Running to the Rivalry

 

For the 30th year in a row, The University of Texas’s Naval ROTC midshipmen will deliver the game ball to Dallas for the Red River Rivalry safe, sound, and on foot.

At tonight’s Torchlight Parade & Rally, hundreds of students and fans will gear up for the 107th Texas vs. Oklahoma football match. And not long after the torches are snuffed out and the band packs up their instruments, 87 Longhorns will begin a most unusual journey.

During the rally, Coach Mack Brown will toss a football to student Thomas Shirley, Naval ROTC battalion commanding officer. When Shirley grabs the ball, the 30th-annual “Run to Dallas” will symbolically begin. The real deal kicks off in the morning, when Shirley and 86 other midshipmen—flanked by a support bus—will take turns running all the way from Austin to Dallas. There, they’ll deliver the ball back into Mack Brown’s hands at the Cotton Bowl.

“It is a great honor,” Shirley says. “I have a lot of pride in representing our battalion, especially since all of them will serve their country one day.”

In Norman, Okla., the University of Oklahoma ROTC midshipmen will also run to Dallas with another ball that will be used in the game. Then the two ROTC groups will meet for a friendly game of flag football.

Vernon Neuenschwander, the Naval ROTC program’s commander, says the origins of the ROTC run to Dallas are murky, though he suspects it was inspired by a similar tradition with West Point and U.S. Naval Academy midshipmen. They, too, run the ball to the annual Army vs. Navy game.

In years past, the UT midshipmen started their journey at the Torchlight Rally and ran all night, arriving at Dallas in the morning. The result: utterly exhausted midshipmen. This year, mindful of the students’ health and grades, Neuenschwander tasked them with running 12 hours in advance, symbolically counting them toward the Dallas trip. “We have to take kids out of school, and we want to minimize the cost on their studies,” he explains.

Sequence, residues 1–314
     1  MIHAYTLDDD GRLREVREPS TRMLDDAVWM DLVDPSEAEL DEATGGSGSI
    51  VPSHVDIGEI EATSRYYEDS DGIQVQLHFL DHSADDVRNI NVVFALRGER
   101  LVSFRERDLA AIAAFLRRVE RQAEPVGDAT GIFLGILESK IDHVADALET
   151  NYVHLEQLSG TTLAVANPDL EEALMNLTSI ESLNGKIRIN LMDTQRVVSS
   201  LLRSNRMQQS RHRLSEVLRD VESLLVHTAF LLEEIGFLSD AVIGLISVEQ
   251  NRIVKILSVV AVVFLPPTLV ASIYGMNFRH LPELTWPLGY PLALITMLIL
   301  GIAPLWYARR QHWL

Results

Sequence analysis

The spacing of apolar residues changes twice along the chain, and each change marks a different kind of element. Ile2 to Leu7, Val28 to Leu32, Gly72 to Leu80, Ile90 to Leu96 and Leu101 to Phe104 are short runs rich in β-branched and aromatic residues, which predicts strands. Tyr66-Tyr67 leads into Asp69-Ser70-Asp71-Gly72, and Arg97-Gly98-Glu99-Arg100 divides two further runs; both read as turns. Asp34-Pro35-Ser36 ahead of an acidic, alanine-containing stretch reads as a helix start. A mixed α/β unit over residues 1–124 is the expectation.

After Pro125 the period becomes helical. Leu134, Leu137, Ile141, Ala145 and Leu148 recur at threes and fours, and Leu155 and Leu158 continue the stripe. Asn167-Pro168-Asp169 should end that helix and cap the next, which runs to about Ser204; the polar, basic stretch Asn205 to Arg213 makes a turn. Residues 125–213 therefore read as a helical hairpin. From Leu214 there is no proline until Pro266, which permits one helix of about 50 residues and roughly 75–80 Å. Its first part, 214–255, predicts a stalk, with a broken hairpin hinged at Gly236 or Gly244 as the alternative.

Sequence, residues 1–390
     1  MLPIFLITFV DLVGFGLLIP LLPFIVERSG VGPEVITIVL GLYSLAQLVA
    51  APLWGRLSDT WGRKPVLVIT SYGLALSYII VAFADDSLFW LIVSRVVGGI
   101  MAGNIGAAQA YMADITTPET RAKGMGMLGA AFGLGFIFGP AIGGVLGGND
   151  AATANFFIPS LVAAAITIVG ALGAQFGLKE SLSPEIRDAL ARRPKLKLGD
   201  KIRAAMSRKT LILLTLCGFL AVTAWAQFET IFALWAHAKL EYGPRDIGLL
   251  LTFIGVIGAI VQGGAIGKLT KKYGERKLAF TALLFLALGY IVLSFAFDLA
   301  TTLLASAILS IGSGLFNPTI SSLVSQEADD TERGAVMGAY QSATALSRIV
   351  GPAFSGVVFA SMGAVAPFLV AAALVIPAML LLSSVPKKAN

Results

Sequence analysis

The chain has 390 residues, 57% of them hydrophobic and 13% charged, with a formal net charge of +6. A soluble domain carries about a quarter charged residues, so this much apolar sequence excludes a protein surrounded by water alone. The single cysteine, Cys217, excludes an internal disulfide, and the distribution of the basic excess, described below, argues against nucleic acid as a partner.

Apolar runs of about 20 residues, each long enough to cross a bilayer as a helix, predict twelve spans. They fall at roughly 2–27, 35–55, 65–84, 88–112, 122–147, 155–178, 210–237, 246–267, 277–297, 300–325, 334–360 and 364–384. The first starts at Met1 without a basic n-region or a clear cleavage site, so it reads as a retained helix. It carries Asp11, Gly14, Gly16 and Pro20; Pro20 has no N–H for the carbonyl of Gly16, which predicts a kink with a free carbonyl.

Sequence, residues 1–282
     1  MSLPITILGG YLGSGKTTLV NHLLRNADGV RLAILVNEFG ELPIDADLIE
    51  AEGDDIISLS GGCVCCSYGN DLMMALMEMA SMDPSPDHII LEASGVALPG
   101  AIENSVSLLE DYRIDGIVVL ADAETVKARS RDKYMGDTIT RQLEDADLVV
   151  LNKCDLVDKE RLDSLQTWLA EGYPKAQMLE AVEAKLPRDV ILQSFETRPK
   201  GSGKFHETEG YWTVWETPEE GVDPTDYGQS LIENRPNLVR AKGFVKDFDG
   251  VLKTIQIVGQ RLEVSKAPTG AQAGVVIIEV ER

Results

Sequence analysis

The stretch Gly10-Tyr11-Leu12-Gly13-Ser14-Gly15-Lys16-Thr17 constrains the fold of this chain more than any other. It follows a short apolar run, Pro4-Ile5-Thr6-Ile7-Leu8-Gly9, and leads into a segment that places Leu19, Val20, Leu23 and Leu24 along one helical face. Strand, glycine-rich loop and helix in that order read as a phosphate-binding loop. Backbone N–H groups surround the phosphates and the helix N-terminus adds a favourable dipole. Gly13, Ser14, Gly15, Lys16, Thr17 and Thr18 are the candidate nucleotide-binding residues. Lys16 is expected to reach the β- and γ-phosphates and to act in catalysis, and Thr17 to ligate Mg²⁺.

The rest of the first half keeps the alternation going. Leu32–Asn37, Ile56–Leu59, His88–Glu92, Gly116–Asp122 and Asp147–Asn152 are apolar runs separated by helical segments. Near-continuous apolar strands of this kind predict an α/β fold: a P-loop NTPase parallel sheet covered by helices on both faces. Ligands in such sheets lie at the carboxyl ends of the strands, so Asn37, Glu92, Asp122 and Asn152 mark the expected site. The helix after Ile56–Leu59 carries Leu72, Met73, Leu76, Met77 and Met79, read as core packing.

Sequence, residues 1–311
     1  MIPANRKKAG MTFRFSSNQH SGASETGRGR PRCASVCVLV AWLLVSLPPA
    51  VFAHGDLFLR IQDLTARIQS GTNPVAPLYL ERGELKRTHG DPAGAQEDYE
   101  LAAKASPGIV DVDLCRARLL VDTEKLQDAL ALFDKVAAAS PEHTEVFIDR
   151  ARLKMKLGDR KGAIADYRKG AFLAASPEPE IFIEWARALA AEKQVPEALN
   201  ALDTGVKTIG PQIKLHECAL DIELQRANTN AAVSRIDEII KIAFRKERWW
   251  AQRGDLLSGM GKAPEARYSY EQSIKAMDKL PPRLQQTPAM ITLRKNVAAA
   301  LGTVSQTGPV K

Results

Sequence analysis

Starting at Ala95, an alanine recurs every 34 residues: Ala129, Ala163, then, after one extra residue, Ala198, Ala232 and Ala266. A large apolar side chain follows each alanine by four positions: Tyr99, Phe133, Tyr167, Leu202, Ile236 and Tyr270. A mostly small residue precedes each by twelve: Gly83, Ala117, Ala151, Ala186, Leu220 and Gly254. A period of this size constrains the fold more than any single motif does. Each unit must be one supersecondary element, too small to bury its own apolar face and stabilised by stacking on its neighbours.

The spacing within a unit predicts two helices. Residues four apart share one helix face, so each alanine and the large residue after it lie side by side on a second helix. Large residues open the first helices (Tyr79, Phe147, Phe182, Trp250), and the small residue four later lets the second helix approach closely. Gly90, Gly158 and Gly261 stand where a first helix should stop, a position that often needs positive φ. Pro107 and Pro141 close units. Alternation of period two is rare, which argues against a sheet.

That doesn’t mean they have it easy. Cumulatively, the midshipmen will run 140 miles. Some will run 2 or 3 miles holding the ball; others, 13 or 14. Fifteen miles is the maximum permitted, but last year one industrious midshipman ran 23. Neuenschwander joined in for 6 miles of last year’s run, an experience he calls “unforgettable.”

“I’ve run a lot, but there’s nothing like running at midnight with a football,” Neuenschwander says. “There’s nothing out there but you and the Texas countryside.”

The midshipmen love it, too. Shirley says they look forward to the event all year. “The battallion is excited to get running,” he says, “especially the freshmen.”

For the Naval ROTC, the Red River football showdown begins in earnest Friday morning when they deck out in burnt orange to  meet The University of Oklahoma’s Naval ROTC.  Seemingly unfazed by their long runs, the midshipmen will play flag football.

Shirley says he is hopeful about beating the OU Naval ROTC, and Texas has the record to back up his claims: 8-2.

Though the run ahead of them is long and the game outcome uncertain, one thing is certain: the ball will be safe.

“There is no dropping of the game ball,” says Neuenschwander. “That’s bad karma. We treat that thing like it’s a priceless relic. ”

Below, watch a 2011 video from the Longhorn Network on the Run to Dallas.

Photos from top: The 2011 Run to Dallas; Mack Brown shakes the hand of last year’s senior midshipman before throwing him the ball; the OU and UT ROTC midshipmen before their annual flag football game in Dallas. Photos courtesy Naval ROTC.

 

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